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Given two real and irreducible matrices $A$ and $B$ of size $n \times n$. A matrix $A$ is irreducible if there is no permutation matrix $Q$ so that $$ Q^{-1} A Q = \begin{bmatrix} E & G \\ 0 & F \end{bmatrix} $$ where $E$ and $F$ are square.

Also, $A$ and $B$ have equal principal minors, i.e, $$ det A(\alpha) = det B(\alpha) \textrm{ for non-empty } \alpha \subset \{1, \dots, n\}, $$ where $A(\alpha)$ is the submatrix with columns and rows indices in $\alpha$.

There is also symmetric $P$ such that $$ P A P^{-1} = B. $$ Are then $A$ and $B$ necessarily diagonally similar? The opposite direction is clear, i.e., for $A$ and $B$ being diagonally similar, $A$ and $B$ have equal principal minors.

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  • $\begingroup$ As-stated, the answer is "no" for uninteresting reasons: $A = B = I$, $P$ doesn't have to be diagonal. Perhaps you mean to ask "if these conditions hold then does there necessarily exist a diagonal $Q$ such that $QAQ^{-1} = B$?" (but $Q$ might not equal $P$). $\endgroup$ – Nathaniel Johnston Dec 9 '20 at 19:16
  • $\begingroup$ The statement is false for $A=1$, $B=\bigl( \begin{smallmatrix} 1 & 1 \\ 0 & 1 \end{smallmatrix} \bigr)$. $\endgroup$ – Christian Remling Dec 9 '20 at 19:18
  • $\begingroup$ @NathanielJohnston You're right, I will correct this. $\endgroup$ – Sebastian Schlecht Dec 9 '20 at 19:20
  • $\begingroup$ Thanks for the comments. Sorry, I missed stating that A and B are irreducible. $\endgroup$ – Sebastian Schlecht Dec 9 '20 at 19:22
  • $\begingroup$ @ChristianRemling I clarified the definitions. $\endgroup$ – Sebastian Schlecht Dec 9 '20 at 19:59
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$$A=\begin{bmatrix} 1& 0& 1\\1&1&1\\1&1&1 \end{bmatrix} \quad B=\begin{bmatrix} 1& 1& 1\\0&1&1\\1&1&1 \end{bmatrix} \quad P=\begin{bmatrix} 0& 1& 0\\1&0&0\\0&0&1 \end{bmatrix}$$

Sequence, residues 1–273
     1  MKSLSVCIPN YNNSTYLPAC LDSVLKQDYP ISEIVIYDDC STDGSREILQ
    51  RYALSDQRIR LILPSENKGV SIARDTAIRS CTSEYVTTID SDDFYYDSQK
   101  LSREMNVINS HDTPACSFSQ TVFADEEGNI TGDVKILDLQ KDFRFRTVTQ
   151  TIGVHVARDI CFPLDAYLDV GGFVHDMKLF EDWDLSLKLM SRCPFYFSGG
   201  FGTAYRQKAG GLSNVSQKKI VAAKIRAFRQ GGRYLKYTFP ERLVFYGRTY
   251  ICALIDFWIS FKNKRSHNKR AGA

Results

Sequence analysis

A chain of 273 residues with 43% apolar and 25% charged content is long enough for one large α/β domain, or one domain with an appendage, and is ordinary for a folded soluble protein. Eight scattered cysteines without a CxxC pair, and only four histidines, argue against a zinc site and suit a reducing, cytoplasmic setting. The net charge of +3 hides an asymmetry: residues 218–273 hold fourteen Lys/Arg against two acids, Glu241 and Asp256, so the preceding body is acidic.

$P^{-1}=P$ and $B=PAP^{-1}$. $A$ is irreducible since conjugation by a permutation matrix simply moves around the single zero in $A$ (all of the entries of $A^2$ are positive). The principle minors of $A$ and $B$ are equal. However, if $D=\begin{bmatrix} a& 0& 0\\0&b&0\\0&0&c \end{bmatrix}$ is any invertible diagonal matrix, $$DAD^{-1}=\begin{bmatrix} 1& 0& a/c\\b/a&1&b/c\\c/a&c/b&1 \end{bmatrix}\neq B$$.

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  • $\begingroup$ I believe $A$ is reducible, as for $P=\bigl( \begin{smallmatrix} 1 & 0 & 0 \\ 0 & 0 & 1 \\ 0 & 1 & 0 \end{smallmatrix} \bigr)$, we have $P A P^{-1} = \bigl( \begin{smallmatrix} 1 & 1 & 0 \\ 1 & 1 & 1 \\ 1 & 1 & 1 \end{smallmatrix} \bigr)$. $\endgroup$ – Sebastian Schlecht Dec 11 '20 at 13:31
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    $\begingroup$ The matrices $E$ and $F$ are $1\times 2$ and $2\times 1$? Also, $A^2=\begin{bmatrix} 2& 1& 2\\3&2&3\\3&2&3 \end{bmatrix}$ which has no zero entries, which I thought implied irreducibility. $\endgroup$ – Edwin Franks Dec 11 '20 at 13:38

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